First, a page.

Study data published in JAMA Network Open outline longitudinal changes in suicidality and cannabis use since 2008. Over the study period, past-year suicide ideation, plan, and attempt increased significantly in prevalence, as did rates of daily cannabis use. Whether or not the increase in suicidality is directly related to increased cannabis use requires further investigation.

The number of US adults with past-year cannabis use doubled between 2008 and 2019. During the same time period, the number of adults who reported serious thoughts of suicide also increased substantially.

The relationship between these trajectories is unclear. While prior research indicates that cannabis use may increase the severity of certain psychiatric symptoms, its impact on suicidality is unknown.


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To inform this gap, investigators extracted data from the National Surveys on Drug Use and Health (NSDUH) for the years 2008 through 2019. Administered as face-to-face household interviews, the NSDUH capture substance use and psychiatric symptoms. The primary exposure was past-year cannabis use or cannabis use disorder (CUD). The outcome of interest was suicidality, defined as past-year ideation, plan, or attempt. Stratified multivariable logistic regression models were used to assess the relationship between cannabis use and suicidality. Models were adjusted for sex and prior major depressive episode (MDE), along with other clinical and sociodemographic factors.  

The study cohort comprised 281,650 adults aged 18 to 34 years at the time of survey, among whom 49.9% were men and 50.1% were women. Between 2008 and 2019, the prevalence of past-year suicidal ideation and suicide plan increased substantially in every sociodemographic group examined. After adjusting for depression status, CUD, cannabis use frequency, and additional confounders, the adjusted prevalence of suicidal ideation increased 1.4-fold between 2008 and 2019 (adjusted risk ratio [ARR], 1.4; 95% CI, 1.3-1.5).

Similarly, the ARRs for suicide plan and suicide attempt increased 1.6-fold (95% CI, 1.5-1.9) and 1.4-fold (95%, 1.2-1.7), respectively. Daily cannabis use, CUD, and nondaily use were each associated with increased risk for suicidality compared with no cannabis use, particularly among women. These associations persisted even among individuals without a prior history of MDE: the prevalence of suicidality among those with vs without CUD was 13.9% vs 3.5% in women and 9.9% vs 3.0% in men (P <.001). The prevalence of suicidality among patients with CUD and MDE was 23.7% for women and 15.6% for men (P <.001).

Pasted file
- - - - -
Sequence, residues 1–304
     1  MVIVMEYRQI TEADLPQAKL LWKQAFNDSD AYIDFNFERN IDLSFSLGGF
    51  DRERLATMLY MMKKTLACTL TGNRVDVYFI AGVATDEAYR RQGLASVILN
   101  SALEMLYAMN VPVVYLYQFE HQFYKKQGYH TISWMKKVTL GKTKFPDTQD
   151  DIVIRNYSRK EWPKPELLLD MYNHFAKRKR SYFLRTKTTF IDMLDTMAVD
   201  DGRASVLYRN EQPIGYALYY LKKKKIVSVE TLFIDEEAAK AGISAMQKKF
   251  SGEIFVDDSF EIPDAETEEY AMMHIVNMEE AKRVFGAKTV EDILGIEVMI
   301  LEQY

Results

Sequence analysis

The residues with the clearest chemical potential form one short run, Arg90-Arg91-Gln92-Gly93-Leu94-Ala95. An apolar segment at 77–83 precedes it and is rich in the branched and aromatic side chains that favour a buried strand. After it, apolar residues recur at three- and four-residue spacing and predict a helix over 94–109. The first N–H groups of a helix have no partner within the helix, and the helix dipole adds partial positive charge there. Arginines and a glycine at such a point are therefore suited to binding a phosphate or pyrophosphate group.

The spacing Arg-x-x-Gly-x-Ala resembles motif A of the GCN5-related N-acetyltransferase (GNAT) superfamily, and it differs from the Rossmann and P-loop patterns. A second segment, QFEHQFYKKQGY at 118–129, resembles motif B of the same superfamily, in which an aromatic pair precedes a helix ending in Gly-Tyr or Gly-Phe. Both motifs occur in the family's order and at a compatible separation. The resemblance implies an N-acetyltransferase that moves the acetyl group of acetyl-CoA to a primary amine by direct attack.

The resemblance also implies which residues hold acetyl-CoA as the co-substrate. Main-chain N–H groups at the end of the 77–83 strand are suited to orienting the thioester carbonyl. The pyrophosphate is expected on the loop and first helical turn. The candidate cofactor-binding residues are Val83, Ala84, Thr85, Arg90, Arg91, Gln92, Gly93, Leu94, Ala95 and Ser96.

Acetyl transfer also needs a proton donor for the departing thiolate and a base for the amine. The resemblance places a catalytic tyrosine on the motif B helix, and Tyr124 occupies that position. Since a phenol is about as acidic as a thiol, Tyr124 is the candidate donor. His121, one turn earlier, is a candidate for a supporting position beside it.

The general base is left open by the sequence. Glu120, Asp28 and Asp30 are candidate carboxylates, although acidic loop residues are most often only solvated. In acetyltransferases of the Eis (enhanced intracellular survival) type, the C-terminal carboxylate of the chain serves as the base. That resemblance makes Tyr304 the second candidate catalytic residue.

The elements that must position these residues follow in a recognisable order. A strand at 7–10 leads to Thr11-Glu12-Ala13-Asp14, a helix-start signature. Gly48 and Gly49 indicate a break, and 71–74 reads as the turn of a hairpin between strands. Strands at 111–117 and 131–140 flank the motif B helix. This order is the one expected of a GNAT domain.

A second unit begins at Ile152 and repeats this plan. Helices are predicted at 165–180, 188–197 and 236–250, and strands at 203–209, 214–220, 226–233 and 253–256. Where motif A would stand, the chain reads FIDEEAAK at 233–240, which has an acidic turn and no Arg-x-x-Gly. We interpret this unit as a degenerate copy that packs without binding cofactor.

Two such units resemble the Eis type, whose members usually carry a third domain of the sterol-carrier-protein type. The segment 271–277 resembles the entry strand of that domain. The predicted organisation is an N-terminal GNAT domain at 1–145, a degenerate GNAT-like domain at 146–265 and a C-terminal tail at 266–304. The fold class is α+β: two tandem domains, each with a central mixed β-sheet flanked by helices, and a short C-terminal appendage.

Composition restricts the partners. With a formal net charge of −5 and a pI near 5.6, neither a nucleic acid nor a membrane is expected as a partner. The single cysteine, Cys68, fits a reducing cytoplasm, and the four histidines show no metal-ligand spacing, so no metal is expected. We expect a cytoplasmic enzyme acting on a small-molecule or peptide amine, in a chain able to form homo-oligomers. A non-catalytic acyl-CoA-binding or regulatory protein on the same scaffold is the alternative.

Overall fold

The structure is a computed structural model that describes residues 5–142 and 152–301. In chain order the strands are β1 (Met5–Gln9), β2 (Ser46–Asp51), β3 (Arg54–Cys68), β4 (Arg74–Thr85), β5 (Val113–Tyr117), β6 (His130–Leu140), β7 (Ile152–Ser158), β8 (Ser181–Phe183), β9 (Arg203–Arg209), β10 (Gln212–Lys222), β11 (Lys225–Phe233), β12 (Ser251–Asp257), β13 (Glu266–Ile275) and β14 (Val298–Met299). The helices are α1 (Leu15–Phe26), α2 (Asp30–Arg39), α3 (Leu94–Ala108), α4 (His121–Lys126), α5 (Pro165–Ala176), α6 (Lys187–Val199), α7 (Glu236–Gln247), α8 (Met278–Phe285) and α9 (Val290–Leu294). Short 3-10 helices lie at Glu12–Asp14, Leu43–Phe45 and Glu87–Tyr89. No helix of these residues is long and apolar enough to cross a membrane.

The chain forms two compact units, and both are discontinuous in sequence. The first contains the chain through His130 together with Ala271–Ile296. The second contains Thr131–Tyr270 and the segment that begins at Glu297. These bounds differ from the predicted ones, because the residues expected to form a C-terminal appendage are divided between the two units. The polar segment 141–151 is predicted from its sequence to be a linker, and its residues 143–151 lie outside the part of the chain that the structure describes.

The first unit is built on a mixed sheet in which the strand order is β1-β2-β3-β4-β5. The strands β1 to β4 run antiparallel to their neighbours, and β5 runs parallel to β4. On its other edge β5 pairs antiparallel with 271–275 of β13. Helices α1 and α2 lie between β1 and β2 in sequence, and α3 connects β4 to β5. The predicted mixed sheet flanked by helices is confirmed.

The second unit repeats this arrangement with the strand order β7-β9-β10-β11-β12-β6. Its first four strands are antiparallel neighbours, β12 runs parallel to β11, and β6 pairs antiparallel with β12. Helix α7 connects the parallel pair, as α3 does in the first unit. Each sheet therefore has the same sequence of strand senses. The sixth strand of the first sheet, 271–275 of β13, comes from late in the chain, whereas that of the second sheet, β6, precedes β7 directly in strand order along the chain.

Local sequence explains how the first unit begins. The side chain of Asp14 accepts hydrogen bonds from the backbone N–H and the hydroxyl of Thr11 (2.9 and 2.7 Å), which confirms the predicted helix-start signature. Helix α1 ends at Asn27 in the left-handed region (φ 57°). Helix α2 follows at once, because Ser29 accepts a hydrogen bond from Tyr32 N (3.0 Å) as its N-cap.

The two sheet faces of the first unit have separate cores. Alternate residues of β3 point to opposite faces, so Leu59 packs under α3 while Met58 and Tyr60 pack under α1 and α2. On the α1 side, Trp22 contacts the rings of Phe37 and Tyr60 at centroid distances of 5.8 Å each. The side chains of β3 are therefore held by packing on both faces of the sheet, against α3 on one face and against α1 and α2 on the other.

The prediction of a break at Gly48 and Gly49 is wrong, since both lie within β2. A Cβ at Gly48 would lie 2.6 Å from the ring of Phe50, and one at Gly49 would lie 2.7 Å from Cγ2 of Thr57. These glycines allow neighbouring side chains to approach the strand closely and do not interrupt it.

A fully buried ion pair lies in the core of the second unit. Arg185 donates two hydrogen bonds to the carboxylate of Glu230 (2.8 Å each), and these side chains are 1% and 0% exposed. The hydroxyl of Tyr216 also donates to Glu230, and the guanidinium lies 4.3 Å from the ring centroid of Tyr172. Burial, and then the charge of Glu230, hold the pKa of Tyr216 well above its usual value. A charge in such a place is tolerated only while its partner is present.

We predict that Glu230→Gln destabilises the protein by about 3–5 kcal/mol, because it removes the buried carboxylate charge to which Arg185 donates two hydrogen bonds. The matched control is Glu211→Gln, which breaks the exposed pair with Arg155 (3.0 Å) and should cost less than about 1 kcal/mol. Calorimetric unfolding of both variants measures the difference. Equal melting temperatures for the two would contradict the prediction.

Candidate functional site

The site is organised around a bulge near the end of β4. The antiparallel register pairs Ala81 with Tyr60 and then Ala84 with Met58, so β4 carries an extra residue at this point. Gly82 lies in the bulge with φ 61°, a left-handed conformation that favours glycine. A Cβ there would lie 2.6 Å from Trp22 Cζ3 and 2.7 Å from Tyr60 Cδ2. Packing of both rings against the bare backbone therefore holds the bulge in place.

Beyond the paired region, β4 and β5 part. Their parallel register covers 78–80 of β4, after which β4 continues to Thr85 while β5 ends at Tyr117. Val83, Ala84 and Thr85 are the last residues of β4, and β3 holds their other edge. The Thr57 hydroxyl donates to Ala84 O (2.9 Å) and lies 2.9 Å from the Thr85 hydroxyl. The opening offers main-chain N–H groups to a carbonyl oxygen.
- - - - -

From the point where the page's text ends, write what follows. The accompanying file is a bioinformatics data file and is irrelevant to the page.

Results from this national survey study suggest that the prevalence of suicidality has increased over time and may be related to increased cannabis use. However, the presence of many intersecting risk factors makes the assertion of causality difficult. Further research is necessary to better illuminate the impact of cannabis use on mental health. CUD and daily cannabis use, in particular, were associated with a greater incidence of suicidality.

“The results of this survey study indicate that CUD, daily cannabis use, and even nondaily cannabis use are associated with the risks of suicidal ideation, plan, and attempt in both young adult men and women, but significantly more so in women than men,” the investigators wrote. “Future research is needed to examine the increase in suicidality and to determine whether it is cannabis use or overlapping risk factors that increase risks for both.”

Disclosure: One study author declared affiliations with biotech, pharmaceutical, and/or device companies. Please see the original reference for a full list of disclosures. 

Reference

Han B, Compton WM, Einstein EB, Volkow ND. Associations of suicidality trends with cannabis use as a function of sex and depression status. JAMA Netw Open. Published online June 22, 2021. doi:10.1001/jamanetworkopen.2021.13025